@universetoday tweeted this image last week from NASA showing the first Orion test flight model:

The image shows a test model of the Orion capsule that will hold astronauts on missions to the Moon and beyond. Some followers asked if this image shows ESA’s ATV-derived service module that will propel the astronauts to their destination and back while keeping them warm and providing oxygen and other necessities for human life. The answer is no as ESA’s service module is not needed for its first test flight.

Fairing integration at Kennedy Space Center. Credit: NASA

Fairing integration at Kennedy Space Center. Credit: NASA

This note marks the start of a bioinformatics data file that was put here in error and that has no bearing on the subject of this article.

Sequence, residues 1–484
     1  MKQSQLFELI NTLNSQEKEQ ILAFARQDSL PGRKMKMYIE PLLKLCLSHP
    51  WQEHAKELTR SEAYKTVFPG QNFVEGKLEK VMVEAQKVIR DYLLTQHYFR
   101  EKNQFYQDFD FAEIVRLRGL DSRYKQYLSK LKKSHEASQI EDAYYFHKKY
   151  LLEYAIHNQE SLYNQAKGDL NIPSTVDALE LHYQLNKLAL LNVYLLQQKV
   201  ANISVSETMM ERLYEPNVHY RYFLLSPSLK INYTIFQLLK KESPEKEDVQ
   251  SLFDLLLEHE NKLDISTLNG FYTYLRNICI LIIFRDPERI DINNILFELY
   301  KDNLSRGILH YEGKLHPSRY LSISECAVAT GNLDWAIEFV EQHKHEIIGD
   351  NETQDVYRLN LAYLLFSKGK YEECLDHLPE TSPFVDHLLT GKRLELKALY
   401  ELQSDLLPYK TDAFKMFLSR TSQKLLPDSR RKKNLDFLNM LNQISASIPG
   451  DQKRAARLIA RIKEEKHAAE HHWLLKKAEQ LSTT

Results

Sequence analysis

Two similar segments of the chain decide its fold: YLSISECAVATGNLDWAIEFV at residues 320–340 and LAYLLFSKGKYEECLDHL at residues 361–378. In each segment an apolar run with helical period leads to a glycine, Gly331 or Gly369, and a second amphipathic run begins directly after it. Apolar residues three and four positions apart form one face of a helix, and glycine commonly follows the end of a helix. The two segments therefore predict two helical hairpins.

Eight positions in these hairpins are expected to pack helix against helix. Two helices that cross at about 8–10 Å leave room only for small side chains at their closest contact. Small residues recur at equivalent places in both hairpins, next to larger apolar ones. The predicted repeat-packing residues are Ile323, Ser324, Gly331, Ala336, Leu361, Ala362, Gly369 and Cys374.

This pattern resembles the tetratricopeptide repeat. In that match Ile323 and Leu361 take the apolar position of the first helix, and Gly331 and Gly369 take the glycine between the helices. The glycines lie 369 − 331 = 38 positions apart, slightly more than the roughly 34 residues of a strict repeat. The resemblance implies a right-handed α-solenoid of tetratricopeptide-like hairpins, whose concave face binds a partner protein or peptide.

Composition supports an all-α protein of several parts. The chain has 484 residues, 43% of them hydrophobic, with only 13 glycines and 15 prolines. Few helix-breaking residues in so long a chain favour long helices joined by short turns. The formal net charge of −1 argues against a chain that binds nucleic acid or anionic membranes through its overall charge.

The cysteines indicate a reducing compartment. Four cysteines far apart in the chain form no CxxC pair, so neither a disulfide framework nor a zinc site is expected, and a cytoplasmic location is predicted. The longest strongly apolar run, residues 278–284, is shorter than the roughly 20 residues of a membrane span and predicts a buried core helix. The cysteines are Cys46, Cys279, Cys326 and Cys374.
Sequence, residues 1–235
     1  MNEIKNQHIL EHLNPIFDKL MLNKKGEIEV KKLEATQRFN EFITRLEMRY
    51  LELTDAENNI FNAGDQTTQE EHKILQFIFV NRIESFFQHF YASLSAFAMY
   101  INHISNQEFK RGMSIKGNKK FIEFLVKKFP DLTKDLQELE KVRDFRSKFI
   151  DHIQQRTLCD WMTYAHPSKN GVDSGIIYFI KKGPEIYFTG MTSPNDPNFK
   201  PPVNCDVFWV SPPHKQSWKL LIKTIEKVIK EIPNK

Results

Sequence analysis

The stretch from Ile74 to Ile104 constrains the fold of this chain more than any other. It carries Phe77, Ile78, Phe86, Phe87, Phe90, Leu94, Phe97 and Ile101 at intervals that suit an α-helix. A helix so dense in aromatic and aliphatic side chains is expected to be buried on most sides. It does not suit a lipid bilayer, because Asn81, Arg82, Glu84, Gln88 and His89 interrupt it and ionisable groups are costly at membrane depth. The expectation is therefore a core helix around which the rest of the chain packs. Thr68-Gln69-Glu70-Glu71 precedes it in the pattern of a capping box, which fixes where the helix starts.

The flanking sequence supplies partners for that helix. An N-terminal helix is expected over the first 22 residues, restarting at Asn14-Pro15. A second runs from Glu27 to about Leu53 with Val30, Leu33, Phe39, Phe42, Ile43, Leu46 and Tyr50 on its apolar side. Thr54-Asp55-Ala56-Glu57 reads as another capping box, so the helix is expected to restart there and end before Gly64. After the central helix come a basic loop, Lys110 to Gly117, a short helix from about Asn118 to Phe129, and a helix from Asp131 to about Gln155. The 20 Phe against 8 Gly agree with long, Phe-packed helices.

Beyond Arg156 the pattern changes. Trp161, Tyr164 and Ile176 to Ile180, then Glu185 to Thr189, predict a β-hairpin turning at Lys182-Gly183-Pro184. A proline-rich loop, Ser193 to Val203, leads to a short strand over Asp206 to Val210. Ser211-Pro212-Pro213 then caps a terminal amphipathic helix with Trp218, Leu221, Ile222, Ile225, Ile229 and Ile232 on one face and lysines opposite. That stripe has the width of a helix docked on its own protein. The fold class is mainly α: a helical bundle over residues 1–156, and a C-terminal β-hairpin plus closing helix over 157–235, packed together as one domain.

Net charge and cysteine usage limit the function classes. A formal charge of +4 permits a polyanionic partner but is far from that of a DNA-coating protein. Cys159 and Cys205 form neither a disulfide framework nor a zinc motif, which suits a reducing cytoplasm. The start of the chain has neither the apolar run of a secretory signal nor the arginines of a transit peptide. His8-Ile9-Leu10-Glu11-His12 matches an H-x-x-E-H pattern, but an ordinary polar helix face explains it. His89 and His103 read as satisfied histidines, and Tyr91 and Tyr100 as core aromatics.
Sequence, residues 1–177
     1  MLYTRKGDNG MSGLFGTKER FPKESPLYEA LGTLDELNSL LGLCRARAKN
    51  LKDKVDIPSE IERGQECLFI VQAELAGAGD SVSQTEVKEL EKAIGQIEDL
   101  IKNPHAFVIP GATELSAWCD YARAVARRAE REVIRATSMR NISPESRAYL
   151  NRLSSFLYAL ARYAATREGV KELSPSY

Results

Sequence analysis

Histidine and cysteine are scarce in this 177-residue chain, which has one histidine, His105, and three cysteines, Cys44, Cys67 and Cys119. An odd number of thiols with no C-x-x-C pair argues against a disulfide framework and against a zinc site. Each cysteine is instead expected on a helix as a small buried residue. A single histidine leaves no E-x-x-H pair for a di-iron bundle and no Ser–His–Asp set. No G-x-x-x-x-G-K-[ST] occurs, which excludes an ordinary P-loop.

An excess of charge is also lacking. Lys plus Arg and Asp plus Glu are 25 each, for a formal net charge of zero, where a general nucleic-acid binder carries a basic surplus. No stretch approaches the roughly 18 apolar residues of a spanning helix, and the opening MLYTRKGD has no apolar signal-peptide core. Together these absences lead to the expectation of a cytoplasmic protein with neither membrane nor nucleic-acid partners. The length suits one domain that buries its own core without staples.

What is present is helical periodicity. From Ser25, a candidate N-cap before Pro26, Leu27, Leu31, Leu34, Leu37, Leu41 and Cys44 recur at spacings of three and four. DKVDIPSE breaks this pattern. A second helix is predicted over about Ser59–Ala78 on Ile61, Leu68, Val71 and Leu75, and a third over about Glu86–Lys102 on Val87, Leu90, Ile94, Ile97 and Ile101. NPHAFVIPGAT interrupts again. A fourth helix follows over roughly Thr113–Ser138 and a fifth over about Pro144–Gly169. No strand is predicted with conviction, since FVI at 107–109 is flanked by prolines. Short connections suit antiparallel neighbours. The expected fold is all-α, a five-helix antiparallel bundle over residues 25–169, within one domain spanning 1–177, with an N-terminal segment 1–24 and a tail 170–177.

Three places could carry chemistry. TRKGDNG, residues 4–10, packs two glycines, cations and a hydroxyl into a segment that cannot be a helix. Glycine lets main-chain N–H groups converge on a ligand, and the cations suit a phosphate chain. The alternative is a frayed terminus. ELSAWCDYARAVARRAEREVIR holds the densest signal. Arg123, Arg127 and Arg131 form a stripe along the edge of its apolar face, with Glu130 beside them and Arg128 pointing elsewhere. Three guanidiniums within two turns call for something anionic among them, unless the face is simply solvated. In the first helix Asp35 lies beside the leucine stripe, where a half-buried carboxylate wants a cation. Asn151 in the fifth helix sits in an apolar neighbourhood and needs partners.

NASA is planning the first test flight this year to verify the habitable module can withstand reentry into Earth’s atmosphere amongst other tests. The service module is not a part of this flight as the Delta IV rocket used to launch this test model will propel it into an elliptical orbit, sending the crew module up to fall back to Earth under its own accord.

During its brief time in space all propulsive needs of this test model will be provided either by the Delta IV upper stage or by the habitable module itself. It will not need to supply life-support– the test flight is unmanned. A working service module is not required for this test and ESA was never asked to deliver a model.

Instead NASA contractor Lockheed Martin built an adapter derived from the structural design of the service module to attach the Orion test model to its launcher.